|A PRELIMINARY ACCOUNT OF THE SOLAR ECLIPSE OF MAY 28, 1900, AS OBSERVED BY THE SMITHSONIAN EXPEDITION.|
PARTLY in deference to the report of the United States Weather Bureau, from which it appeared that the chance of a fair eastern sky on the morning of the eclipse was about 8 to 1, and after examination by Mr. Abbot of many stations in North Carolina, Wadesboro, of that State, was selected early in April as the site of the Smithsonian observations. The advantages of Wadesboro being also recognized by Professor Young, of Princeton, Professor Hale, of Yerkes Observatory, and the Rev. J. M. Bacon, of the British Astronomical Association, it came about that four large observing parties, besides several smaller ones and numerous excursionists from the surrounding country, were all joined to produce at Wadesboro one of the largest company of eclipse observers ever assembled for scientific purposes. It is a matter for congratulation that the sky at Wadesboro upon the day of the eclipse was cloudless and clearer than the average, so that the efforts of the observing forces were not thwarted by any circumstances beyond their control. The provisions of the Mayor and authorities of Wadesboro for preventing intrusion before and during the eclipse, and thus securing an undisturbed field of operations, deserve especial recognition. Further than this, the many acts of courtesy and hospitality to the visiting astronomers on the part of the townspeople will long be remembered by the recipients.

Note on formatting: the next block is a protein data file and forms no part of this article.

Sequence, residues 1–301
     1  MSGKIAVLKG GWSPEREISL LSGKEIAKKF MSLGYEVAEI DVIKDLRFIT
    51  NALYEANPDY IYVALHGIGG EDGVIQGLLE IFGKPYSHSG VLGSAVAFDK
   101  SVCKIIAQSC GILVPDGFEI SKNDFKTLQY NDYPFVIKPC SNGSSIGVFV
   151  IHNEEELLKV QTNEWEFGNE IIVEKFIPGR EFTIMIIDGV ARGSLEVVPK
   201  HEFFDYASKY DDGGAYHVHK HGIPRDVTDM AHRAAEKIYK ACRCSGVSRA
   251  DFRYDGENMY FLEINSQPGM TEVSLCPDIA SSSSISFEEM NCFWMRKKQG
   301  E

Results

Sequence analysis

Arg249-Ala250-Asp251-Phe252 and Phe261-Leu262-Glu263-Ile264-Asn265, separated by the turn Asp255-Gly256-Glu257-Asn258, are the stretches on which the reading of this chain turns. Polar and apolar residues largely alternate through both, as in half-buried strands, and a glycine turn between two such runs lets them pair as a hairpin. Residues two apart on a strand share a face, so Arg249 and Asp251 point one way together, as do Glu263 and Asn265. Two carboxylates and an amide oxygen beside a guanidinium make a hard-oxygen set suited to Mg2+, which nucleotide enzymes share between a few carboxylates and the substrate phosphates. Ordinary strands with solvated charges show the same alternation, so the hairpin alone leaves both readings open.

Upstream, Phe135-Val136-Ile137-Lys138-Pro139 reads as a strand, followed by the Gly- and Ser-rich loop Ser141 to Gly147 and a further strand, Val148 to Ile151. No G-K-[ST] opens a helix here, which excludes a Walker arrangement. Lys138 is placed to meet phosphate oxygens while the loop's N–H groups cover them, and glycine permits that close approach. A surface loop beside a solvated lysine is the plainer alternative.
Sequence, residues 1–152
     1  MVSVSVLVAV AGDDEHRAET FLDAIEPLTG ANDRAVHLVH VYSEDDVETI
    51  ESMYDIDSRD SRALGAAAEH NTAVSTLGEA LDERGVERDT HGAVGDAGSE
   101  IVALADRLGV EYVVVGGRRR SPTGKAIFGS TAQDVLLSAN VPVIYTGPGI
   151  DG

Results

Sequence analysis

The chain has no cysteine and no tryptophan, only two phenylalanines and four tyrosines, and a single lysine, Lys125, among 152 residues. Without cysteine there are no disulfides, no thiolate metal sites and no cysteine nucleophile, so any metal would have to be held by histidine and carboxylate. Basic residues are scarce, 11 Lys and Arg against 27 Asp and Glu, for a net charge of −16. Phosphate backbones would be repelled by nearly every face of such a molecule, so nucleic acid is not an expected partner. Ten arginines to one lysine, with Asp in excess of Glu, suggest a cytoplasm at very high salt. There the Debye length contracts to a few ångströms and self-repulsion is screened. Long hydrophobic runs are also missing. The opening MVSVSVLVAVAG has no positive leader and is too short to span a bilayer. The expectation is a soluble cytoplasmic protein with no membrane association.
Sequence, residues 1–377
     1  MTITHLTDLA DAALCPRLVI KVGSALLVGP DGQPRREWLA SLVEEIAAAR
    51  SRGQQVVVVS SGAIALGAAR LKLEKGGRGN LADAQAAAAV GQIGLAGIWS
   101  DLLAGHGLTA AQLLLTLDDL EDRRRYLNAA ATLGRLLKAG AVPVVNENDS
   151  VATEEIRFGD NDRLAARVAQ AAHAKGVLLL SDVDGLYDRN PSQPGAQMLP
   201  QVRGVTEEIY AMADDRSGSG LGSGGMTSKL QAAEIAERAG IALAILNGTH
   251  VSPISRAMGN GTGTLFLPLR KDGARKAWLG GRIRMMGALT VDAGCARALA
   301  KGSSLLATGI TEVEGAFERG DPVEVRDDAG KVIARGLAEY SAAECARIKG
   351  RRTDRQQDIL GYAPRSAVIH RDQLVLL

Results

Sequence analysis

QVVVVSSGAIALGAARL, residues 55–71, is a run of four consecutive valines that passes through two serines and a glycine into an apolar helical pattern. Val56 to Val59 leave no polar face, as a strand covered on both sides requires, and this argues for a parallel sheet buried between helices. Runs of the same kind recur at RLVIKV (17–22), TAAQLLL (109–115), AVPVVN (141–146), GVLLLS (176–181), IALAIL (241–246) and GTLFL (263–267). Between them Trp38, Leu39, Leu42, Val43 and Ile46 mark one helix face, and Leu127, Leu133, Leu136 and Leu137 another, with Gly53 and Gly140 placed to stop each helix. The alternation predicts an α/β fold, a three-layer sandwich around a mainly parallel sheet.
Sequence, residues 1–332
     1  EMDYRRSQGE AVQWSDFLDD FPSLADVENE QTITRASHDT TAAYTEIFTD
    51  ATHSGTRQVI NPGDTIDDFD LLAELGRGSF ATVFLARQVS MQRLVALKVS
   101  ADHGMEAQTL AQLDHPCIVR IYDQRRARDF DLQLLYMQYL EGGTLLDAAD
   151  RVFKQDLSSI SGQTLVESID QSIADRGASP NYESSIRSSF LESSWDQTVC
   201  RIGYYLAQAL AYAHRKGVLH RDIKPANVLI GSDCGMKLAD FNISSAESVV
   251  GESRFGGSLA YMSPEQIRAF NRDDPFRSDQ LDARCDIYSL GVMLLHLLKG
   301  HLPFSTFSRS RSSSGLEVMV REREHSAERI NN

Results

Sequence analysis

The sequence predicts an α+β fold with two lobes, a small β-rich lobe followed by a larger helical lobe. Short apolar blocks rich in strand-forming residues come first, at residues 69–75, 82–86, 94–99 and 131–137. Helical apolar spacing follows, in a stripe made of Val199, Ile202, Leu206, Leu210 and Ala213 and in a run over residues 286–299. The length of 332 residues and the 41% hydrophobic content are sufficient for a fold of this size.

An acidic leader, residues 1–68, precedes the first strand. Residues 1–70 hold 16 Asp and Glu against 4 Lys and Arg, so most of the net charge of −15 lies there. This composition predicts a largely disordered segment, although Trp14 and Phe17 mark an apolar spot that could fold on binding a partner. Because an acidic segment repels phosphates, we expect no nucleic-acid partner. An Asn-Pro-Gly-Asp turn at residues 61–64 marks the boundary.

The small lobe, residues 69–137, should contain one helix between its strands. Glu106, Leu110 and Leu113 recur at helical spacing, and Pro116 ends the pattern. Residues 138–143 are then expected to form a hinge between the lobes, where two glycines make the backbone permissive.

The Smithsonian party proper consisted of thirteen observers, and included Mr. Langley, Mr. Abbot, aid acting in charge of the Smithsonian astrophysical observatory; Mr. Smillie, in charge of photography; Mr. Putnam, of the United States Coast Survey; Mr. Fowle, Mr. Mendenhall, Mr. Child, Mr. Draper, Mr. Gill, Mr. Kramer and Mr. Smith. Included with these, the Rev. Father Searle and the Rev. Father Woodman gave most valuable assistance. Mr. Hoxie, of Port Royal, S. C, and Mr. Little, of Wadesboro, rendered valued assistance to Mr. Putnam during totality.
Professor Hale, of the Yerkes Observatory, was a member of the party, while still in general charge of the Yerkes expedition, and his counsel and aid were of the greatest service. Mr. Clayton, of Blue